[Taking Terri Mueller] is one of Norma Mazer's best. Terri moves from town to town with her father. Their relationship is one of mutual love and friendship. As Terri grows older, she begins to question the secrecy and frequency of their moves across the country….
Terri eavesdrops on a conversation between her father and her aunt and finds out that her mother is not dead as she'd been told. She also finds that her father kidnapped her after her mother was granted child custody. Mazer does a fine job of taking Terri through the emotional ups and downs caused by her discovery. She wants to contact her mother, but she's afraid her father will be jailed. She's mad at him for denying her a permanent home and an extended family, but she loves him for the sacrifices he's made to keep her. Against her father's wishes, Terri goes to visit her mother. Again, the awkwardness and the tension of the mother/daughter meeting is well done. Terri ultimately faces the decision of whether or not she lives with her mother or goes back to her father. The book is timely and well written.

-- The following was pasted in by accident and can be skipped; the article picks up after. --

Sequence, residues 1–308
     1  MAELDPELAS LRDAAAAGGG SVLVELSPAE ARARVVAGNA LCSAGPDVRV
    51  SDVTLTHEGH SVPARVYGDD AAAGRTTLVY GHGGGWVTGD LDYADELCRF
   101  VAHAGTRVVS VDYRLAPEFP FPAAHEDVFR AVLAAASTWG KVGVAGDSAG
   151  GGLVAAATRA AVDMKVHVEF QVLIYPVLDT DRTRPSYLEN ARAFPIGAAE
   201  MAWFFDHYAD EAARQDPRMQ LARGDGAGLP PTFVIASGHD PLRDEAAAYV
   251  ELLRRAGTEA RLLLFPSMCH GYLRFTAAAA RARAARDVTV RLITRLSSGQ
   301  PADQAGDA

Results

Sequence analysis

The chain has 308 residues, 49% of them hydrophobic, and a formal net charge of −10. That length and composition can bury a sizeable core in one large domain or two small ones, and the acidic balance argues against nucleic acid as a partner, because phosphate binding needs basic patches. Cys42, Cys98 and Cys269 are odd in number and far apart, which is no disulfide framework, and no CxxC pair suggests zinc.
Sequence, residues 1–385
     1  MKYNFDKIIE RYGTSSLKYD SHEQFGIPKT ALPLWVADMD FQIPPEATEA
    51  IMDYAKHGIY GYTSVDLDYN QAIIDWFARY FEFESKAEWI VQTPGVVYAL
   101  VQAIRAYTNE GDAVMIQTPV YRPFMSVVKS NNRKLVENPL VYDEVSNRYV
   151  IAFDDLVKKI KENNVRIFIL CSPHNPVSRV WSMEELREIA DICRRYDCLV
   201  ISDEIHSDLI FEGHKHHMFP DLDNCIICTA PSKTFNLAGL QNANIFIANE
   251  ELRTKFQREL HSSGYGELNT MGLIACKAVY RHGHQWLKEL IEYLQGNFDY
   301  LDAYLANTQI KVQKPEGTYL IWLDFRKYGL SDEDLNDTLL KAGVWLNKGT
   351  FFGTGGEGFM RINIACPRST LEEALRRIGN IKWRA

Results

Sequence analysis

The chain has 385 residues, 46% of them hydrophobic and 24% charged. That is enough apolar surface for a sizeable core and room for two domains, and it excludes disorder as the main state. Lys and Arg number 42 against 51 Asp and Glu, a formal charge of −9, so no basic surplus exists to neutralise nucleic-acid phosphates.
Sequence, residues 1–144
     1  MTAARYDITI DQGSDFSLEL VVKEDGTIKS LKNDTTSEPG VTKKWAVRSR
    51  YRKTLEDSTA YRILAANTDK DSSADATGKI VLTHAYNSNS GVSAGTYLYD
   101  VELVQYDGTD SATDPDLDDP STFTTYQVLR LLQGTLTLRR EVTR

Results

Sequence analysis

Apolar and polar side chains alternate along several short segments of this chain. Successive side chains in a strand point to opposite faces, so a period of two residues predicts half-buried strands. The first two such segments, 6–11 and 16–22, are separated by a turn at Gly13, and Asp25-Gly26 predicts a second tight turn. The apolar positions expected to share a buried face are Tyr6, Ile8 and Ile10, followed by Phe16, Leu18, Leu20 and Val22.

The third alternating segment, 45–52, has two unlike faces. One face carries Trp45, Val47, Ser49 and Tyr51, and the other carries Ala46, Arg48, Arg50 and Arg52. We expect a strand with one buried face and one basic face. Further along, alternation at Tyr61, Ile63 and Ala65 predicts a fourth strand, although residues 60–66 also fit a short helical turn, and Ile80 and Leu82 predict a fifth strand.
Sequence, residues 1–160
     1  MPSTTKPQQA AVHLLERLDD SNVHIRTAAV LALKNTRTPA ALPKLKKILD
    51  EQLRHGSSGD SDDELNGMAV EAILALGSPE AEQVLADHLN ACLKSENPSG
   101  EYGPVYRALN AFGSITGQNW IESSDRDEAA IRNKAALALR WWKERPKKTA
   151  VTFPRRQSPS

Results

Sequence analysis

Dick Abrahamson, in his review of "Taking Terri Mueller," in The ALAN Review, Vol. 9, No. 3, Spring, 1982, p. 15.